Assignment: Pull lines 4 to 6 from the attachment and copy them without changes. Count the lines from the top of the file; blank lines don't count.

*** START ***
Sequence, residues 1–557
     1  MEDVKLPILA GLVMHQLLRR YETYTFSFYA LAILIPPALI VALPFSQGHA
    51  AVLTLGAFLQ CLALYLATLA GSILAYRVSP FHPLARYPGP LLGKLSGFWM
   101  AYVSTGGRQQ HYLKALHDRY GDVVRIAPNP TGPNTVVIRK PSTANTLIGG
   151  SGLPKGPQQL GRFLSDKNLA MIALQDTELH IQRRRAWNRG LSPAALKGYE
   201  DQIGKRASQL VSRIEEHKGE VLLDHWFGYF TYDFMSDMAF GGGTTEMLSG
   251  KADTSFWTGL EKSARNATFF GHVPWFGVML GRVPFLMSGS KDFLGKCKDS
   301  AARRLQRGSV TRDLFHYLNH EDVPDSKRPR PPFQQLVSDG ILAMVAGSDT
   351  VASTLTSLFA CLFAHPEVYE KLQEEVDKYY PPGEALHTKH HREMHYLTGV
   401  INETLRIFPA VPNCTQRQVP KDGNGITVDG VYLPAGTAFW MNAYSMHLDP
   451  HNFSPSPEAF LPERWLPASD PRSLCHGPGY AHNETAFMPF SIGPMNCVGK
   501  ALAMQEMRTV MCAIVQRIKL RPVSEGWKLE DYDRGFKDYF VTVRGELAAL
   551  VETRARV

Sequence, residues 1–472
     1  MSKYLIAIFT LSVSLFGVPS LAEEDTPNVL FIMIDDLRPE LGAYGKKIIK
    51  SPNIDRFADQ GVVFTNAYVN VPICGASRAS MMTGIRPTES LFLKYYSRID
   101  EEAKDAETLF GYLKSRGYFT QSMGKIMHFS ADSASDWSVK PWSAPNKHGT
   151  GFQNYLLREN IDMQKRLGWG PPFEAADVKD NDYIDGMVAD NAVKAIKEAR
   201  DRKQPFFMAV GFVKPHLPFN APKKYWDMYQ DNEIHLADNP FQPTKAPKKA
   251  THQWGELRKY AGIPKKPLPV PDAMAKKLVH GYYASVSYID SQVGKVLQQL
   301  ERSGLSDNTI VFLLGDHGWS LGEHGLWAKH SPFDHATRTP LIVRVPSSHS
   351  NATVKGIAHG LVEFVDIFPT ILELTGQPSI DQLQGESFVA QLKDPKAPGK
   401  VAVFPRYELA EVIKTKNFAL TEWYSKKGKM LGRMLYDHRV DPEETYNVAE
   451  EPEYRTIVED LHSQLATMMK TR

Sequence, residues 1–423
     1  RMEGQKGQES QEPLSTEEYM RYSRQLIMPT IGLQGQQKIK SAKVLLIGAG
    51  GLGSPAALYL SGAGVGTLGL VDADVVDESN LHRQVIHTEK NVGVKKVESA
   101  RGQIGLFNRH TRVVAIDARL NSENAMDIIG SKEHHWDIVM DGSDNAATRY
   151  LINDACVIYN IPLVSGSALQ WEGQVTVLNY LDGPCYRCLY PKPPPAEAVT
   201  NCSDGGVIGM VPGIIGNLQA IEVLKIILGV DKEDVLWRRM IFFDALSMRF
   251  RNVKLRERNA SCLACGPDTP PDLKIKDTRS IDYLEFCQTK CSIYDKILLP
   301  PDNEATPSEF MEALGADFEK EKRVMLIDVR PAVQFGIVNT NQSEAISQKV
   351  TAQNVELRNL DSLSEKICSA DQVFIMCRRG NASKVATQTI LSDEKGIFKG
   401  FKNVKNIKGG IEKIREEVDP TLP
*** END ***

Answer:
   101  AYVSTGGRQQ HYLKALHDRY GDVVRIAPNP TGPNTVVIRK PSTANTLIGG
   151  SGLPKGPQQL GRFLSDKNLA MIALQDTELH IQRRRAWNRG LSPAALKGYE
   201  DQIGKRASQL VSRIEEHKGE VLLDHWFGYF TYDFMSDMAF GGGTTEMLSG